Molotok,
August 22–28, 2006, Moscow

Unusually hot days in Moscow this summer must have warped minds at the office of Russia’s chief prosecutor. In June, the agency — which typically engages in strong-arming tactics like taking down oil tycoon Mikhail Khodorkovsky and dismantling his company, Yukos — set its sights on a far more trifling matter. After reviewing publications that target young readers, it issued a statement saying that the weekly magazine Molotok, as well as a couple of other teen titles, publishes materials "depraving teenage readers and pushing them toward an early start of sexual life." A deputy prosecutor general demanded that the magazines be shut down.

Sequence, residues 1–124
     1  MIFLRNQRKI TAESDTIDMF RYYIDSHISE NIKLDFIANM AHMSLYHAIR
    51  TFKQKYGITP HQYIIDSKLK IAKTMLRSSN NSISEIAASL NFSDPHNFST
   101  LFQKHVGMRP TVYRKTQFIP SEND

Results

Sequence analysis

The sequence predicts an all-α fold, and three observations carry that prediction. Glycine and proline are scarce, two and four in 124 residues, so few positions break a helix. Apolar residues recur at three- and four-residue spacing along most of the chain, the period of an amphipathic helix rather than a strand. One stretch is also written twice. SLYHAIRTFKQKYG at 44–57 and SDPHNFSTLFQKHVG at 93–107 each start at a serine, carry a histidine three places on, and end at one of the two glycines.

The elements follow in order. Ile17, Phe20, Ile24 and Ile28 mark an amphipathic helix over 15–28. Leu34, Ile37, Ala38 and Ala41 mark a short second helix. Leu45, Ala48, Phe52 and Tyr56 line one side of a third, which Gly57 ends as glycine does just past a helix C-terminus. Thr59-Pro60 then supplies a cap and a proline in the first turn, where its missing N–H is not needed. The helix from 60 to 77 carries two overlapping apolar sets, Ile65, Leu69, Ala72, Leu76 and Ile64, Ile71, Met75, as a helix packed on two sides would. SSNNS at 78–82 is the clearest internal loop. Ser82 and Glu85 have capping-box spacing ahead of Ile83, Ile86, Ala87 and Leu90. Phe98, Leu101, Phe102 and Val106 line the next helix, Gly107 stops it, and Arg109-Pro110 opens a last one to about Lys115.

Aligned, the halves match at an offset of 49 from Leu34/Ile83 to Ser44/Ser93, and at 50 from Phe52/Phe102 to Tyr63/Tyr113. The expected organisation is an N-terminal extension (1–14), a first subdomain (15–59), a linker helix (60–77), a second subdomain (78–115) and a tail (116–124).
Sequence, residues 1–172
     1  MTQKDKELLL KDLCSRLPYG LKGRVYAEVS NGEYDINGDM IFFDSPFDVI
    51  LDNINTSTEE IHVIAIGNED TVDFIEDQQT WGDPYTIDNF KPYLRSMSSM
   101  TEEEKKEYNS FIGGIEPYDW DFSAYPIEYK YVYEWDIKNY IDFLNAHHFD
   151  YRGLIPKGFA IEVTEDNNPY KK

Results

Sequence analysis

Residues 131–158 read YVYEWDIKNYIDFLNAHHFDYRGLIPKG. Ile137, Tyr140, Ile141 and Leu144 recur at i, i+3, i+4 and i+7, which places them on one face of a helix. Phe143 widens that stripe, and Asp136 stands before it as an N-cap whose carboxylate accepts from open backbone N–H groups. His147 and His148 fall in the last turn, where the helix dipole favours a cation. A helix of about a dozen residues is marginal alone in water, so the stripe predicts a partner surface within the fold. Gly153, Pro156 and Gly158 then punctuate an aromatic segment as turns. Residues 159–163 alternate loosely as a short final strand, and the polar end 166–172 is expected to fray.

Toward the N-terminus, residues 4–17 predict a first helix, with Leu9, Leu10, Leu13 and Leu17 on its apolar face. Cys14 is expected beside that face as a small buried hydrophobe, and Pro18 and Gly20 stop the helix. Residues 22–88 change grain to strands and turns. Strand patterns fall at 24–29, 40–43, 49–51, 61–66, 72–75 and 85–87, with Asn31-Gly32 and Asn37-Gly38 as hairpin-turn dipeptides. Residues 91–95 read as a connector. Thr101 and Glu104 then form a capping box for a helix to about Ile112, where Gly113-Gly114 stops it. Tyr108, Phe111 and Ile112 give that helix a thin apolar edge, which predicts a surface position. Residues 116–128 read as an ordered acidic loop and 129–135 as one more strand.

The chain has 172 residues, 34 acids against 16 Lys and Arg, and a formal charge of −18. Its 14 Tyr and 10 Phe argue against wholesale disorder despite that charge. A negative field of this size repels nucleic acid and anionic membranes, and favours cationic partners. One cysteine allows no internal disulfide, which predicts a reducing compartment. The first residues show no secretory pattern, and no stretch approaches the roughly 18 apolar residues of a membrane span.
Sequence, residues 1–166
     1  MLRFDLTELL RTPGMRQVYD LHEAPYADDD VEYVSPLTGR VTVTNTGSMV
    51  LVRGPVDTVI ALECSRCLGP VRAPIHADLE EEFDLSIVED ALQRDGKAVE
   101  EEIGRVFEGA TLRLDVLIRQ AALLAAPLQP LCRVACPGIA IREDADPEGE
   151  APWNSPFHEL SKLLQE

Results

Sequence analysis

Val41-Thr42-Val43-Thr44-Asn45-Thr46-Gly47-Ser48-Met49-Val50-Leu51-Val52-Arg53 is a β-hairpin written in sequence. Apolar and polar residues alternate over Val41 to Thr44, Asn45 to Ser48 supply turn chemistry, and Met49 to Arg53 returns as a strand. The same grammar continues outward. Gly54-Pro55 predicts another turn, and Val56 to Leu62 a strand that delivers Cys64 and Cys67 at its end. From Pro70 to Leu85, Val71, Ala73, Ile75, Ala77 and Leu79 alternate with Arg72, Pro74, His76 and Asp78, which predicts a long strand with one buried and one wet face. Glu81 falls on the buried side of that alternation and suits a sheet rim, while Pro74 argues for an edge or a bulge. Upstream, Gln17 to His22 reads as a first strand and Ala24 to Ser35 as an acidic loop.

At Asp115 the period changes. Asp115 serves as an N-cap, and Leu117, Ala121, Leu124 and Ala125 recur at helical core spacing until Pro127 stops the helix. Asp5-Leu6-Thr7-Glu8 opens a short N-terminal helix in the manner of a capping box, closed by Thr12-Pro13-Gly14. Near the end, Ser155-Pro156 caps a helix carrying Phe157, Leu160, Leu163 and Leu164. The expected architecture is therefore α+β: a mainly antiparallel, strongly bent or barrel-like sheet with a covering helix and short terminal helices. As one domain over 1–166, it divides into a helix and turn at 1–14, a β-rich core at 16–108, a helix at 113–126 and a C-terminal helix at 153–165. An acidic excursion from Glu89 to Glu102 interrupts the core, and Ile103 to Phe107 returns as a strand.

His criticism of Molotok is just one recent example of the Russian government’s ongoing attacks on the freedom of the press. Within weeks of President Vladimir Putin’s inauguration in 2000, the Kremlin arrested and briefly detained Vladimir Gusinsky — the founder of Russia’s largest privately held media group and an outspoken critic of Putin — on charges of fraud. It was the first step in the government’s efforts to restrict the independence of news organizations. Within a year, the president’s cronies had seized Gusinsky’s media empire, including his crown jewel: NTV, the country’s most respected television network. By the summer of 2003, all major national TV networks were in the hands of managers loyal to Putin. Increasingly, the Kremlin has expanded control over print media, too, arranging for faithful allies to purchase some of the country’s leading newspapers.